A feature that is built into most modern devices is automatically connecting to known or open Wi-Fi. This can be extremely helpful for efficiency purposes, however just like taking shortcuts on login security, automatically connecting to these networks is dangerous. By connecting to an open network automatically, a user might be exposing their device to an unsecured network, or a network that has bad actors connected to it as well. Comparing this to connecting to a secure password protected network manually, the security benefits outweigh the efficiency drawbacks. So, if device security is a necessity, be sure to only connect to secure networks that are trusted, and password protected.

Most networks are connected to the internet, which holds even more potential for threat actors to spy on potential victims. A safe solution that most people use to keep their online identity safe and anonymous is a Virtual Private Network (VPN). A VPN utilizes the ability to jump between multiple servers before connecting to a website. This hides your IP address, which can hold a lot of information, and makes it harder for threat actors to track where you are on the internet. VPNs are a simple way to secure your online browsing, and personal devices.

In addition to securing online browsing and personal devices VPNs are also a great way to secure business devices when working remotely. However, managing a VPN for a whole organization can be difficult. NuHarbor’s first choice for businesses that need an easy to integrate security package for remote work is Okta. Their lifecycle management for example, doesn’t just save you time, but it saves you money too when integrating a VPN or other security application in an organization. Talk with a NuHarbor expert today to learn more about Okta and how they’re services can help secure your organization.

Tip #4-Prevent and Mitigate the Spread of Malware on Your Devices

Malware is everywhere, and is constantly evolving, luckily for the average consumer, so is security. Keeping your software and firmware up to date is a key component in keeping up with this infinite cat and mouse chase. Developers will periodically release updates for their devices, and as a user, it’s important to download and install these updates to protect against the new malware and exploits. If a piece of malware or exploit is known to be very dangerous, a developer may push out a patch in response to the exploit. These are arguably the most important to download and install due to the severity of the exploit that warranted a swift response from a developer.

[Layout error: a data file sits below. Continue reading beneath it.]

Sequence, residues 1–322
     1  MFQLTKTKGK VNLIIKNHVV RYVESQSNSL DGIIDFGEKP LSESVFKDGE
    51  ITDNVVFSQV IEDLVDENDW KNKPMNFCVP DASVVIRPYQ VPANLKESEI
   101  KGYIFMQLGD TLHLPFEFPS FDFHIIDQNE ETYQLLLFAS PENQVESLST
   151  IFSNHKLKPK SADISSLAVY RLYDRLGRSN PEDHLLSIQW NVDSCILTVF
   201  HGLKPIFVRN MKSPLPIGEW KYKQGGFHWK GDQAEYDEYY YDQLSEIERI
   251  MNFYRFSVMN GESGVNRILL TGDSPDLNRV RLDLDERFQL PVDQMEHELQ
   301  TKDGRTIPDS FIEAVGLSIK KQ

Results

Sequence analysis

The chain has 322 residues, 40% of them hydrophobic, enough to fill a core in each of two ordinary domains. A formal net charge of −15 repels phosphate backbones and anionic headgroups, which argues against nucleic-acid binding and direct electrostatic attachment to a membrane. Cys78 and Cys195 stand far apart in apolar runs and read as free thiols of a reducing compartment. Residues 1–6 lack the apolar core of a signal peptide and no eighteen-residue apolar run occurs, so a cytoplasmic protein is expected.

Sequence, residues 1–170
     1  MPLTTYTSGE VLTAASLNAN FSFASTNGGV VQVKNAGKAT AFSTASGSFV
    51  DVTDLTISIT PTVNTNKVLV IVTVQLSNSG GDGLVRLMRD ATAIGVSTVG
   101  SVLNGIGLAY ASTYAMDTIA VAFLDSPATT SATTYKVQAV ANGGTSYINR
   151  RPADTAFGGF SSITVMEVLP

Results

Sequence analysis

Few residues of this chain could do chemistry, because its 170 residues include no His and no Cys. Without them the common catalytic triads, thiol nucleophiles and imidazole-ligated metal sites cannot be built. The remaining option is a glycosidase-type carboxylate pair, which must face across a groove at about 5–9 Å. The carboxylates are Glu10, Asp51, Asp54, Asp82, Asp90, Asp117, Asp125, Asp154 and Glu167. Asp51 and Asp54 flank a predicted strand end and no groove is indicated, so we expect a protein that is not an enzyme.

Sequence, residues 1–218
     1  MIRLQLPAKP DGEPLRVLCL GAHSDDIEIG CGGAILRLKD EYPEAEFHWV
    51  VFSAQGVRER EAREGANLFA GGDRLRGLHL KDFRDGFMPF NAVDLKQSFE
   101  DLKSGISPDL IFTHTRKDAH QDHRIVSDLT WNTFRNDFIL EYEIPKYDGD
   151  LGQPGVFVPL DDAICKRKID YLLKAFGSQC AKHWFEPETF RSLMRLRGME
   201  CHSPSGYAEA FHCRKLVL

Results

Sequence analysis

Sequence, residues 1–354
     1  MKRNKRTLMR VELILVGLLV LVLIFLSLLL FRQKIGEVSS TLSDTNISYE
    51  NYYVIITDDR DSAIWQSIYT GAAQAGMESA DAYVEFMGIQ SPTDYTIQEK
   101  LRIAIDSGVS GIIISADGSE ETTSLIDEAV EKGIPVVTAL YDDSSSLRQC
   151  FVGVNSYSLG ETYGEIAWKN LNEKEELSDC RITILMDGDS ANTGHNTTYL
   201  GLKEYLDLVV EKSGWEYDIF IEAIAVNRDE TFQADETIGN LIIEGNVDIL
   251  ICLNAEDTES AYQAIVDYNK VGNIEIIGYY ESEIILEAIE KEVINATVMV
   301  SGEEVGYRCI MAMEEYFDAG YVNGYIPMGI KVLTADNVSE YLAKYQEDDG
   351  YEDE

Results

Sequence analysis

Often, developers won’t be able to catch every exploit instantly, this means to protect against malware, users should employ counter measures on their devices. An Anti-Virus is a great example of a counter measure and how it can be effective. Windows Defender, a built-in anti-virus on Windows OS’s protects users automatically from malicious looking files. Comparatively, Windows Defender is a basic anti-virus, and with the right knowledge can be bypassed without any alerts. Therefore, researching an anti-virus that fits the risk tolerance of a user is an effective way to prevent and mitigate the spread of malware.

Human error is a device’s biggest security risk, therefore mitigating the actions that cause this error can lead to substantial results. Researching applications before you download them is a prime example of how this error can be mitigated. If an application seems too good to be true, or looks potentially malicious, you should do research to confirm that what you are downloading is what you intend to download initially. Email is another place where users should utilize a cautious attitude. Being wary of suspicious emails and only downloading only trusted files will help any user lock down their device security.

Tip #5-Prepare for Your Device to Be Compromised

Ultimately, preparing for a device to be compromised can result in preservation of critical data integrity and confidentiality. Therefore, use devices and manage the data on them, as if they were going to be compromised within the hour. Credentials for example should never be stored in clear text on notepad-like applications. This makes it easier for an attacker to gain information once in the system, which is never beneficial for the victim.

Similarly to how you would lock your house if you left for work, you should be sure that you lock your devices when not in use. Leaving a device with personal data, or credentials unlocked, especially in a public setting can have major consequences. Once again, don’t make a threat actors job easier than it could be.

Protecting User Devices

Integrating the techniques and habits above will increase your cybersecurity maturity and give any user peace of mind that their data is safe. This isn’t to say breaches still can’t occur, especially in higher risk environments such as businesses where the attack surface is much greater, but these tips will help to prevent hackers from easily accessing your devices. Are you’re looking for a cybersecurity provider that can protect your organization’s devices? Contact one of NuHarbor Security’s experts for more information.